Richland County Illegal Car Stops Lawyer
Understanding Your Rights When You’re Pulled Over
In order for the police to pull a car over, reasonable suspicion is required. In essence, “reasonable suspicion” means a police officer has reason to believe a driver has committed a crime (or is involved in criminal activity). For instance, if an officer sees a car driving erratically or notices its occupants throwing weapons out of its windows, he has reason to believe there may be criminal activity involved. However, if a driver isn’t in violation of any traffic laws and doesn’t exhibit suspicious behavior, an officer doesn’t have reasonable suspicion to pull him or her over. In cases involving interstate car stops and drug arrests, officers may use a profile to identify suspicious cars. Here, a driver’s ethnicity or out-of-state license plate may lead an officer to pull a driver over and then ask if he can search the car. However, being of a certain ethnicity does not, by itself, constitute "suspicious behavior." Here, a number of constitutional issues are involved that may prevent any drug evidence seized from being introduced at trial.
At the Law Office of David B. Tarr, I represent and defend people arrested on drug charges after an illegal car stop. I understand the constitutional issues involved and how to identify questionable car stops and car searches that will not, in all likelihood, hold up in court. If you’ve been arrested for drug possession in relation to a car stop, contact drug possession lawyer David B. Tarr today.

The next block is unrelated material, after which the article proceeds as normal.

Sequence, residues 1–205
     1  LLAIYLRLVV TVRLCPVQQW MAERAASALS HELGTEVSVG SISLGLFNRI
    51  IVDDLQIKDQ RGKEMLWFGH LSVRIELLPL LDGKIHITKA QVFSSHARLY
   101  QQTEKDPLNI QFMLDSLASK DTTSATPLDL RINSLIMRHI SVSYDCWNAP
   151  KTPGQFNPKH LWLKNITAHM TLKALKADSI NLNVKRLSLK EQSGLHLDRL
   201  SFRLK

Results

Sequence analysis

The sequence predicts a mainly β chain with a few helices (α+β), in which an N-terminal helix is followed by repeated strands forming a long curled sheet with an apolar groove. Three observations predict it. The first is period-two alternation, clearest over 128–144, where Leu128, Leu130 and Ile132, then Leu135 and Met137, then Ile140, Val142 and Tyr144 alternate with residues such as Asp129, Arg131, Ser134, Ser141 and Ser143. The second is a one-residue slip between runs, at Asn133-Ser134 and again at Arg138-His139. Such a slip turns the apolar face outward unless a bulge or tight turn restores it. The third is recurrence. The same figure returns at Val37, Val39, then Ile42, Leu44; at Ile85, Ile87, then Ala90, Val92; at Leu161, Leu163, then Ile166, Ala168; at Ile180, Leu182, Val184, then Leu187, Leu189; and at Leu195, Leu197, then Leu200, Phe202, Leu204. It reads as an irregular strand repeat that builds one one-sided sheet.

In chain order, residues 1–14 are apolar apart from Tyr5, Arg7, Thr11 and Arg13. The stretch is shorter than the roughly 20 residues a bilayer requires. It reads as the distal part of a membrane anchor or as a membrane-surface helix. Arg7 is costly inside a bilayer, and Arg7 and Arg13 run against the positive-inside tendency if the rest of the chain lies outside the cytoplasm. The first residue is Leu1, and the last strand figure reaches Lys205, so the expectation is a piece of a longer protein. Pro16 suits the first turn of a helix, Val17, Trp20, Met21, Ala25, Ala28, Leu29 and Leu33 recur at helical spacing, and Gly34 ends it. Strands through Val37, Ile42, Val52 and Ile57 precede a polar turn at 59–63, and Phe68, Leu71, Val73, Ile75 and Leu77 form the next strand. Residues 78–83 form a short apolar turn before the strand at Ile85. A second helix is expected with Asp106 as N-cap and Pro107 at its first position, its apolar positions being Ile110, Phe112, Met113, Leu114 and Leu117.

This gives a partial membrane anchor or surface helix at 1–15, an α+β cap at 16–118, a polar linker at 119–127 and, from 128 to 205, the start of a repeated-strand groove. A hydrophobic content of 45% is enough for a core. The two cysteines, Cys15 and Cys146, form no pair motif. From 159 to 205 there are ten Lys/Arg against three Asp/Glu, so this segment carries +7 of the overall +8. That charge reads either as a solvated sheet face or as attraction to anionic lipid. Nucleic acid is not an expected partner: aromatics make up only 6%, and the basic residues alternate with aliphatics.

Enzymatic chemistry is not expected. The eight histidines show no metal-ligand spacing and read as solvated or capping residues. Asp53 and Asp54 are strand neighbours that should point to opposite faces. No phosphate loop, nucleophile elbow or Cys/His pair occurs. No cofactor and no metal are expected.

Car Searches, Drugs, and Illegal Car Stops
If an officer has reasonable suspicion to pull a driver over -- for example, because he was speeding -- he may ask if he can search your car. It is your Fourth Amendment constitutional right to refuse a search of your car. The officer can impound your car, obtain a search warrant, and then search your car. However, without a search warrant an officer needs probable cause to search a vehicle.
In general, an officer has probable cause to search a car if he sees something in plain sight or notices something to indicate a driver has broken the law. For instance, if an officer sees a bong, crack pipe, or smells marijuana he has probable cause to search your car. If there isn’t anything in plain sight to justify a car search, any drugs found during the unconstitutional search of your car will likely be thrown out at trial.
DUI, Drugs, and Car Stops
Drug possession charges often arise in conjunction with DUI car stops. Even if your blood alcohol content (BAC) is below the legal limit, if you were given a blood or urine test you may test positive for drugs -- even if you last used a few weeks ago. In the state of South Carolina, you can then be charged with a drug crime. The penalties for driving under the influence of drugs (DUID) can be quite serious.
Illegal Car Stops in South Carolina
South Carolina requires officers to videotape DUI arrests. While not every car stop is video taped, many are. As your attorney, I request copies of any dashboard video footage in order to determine if an illegal car stop occurred when you were pulled over. In cases involving allegations of drug distribution or intent to sell, the constitutionality of a car stop can make all the difference in a case.
If you’ve been arrested for possession of marijuana, heroin, cocaine, methamphetamine, or Ecstasy in connection with a car stop, contact drug possession defense attorney David B. Tarr today.